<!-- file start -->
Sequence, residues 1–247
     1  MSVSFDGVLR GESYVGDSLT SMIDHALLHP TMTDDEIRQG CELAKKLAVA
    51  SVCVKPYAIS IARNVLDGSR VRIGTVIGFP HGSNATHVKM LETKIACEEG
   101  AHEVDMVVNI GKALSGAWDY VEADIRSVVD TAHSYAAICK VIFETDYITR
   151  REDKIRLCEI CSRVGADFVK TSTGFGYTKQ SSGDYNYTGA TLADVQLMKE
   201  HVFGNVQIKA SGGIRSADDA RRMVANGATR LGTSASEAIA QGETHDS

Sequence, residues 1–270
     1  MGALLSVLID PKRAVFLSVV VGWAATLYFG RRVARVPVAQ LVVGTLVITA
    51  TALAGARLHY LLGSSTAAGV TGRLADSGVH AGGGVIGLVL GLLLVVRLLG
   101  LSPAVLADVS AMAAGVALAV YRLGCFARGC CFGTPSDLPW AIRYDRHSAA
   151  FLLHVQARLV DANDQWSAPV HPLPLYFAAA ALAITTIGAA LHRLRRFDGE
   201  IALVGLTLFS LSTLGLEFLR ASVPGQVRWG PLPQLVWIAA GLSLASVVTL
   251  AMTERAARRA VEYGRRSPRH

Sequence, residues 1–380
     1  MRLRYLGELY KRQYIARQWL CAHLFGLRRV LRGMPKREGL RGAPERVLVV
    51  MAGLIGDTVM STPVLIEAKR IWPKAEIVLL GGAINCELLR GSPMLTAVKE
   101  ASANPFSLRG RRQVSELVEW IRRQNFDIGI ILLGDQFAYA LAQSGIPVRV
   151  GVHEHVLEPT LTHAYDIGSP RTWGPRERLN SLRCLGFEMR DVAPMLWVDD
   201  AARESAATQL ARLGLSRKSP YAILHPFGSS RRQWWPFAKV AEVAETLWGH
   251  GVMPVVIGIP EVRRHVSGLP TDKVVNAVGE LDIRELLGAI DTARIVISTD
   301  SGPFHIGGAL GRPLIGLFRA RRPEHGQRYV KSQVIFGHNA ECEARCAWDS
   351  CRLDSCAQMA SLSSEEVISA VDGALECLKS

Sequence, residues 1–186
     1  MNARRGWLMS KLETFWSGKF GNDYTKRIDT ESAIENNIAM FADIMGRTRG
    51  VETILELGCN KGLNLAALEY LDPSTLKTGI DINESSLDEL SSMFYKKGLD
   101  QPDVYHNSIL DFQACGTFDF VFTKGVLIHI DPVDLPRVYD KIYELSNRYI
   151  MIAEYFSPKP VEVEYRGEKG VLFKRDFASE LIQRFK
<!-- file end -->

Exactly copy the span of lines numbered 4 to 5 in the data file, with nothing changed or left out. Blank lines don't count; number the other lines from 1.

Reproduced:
   101  AHEVDMVVNI GKALSGAWDY VEADIRSVVD TAHSYAAICK VIFETDYITR
   151  REDKIRLCEI CSRVGADFVK TSTGFGYTKQ SSGDYNYTGA TLADVQLMKE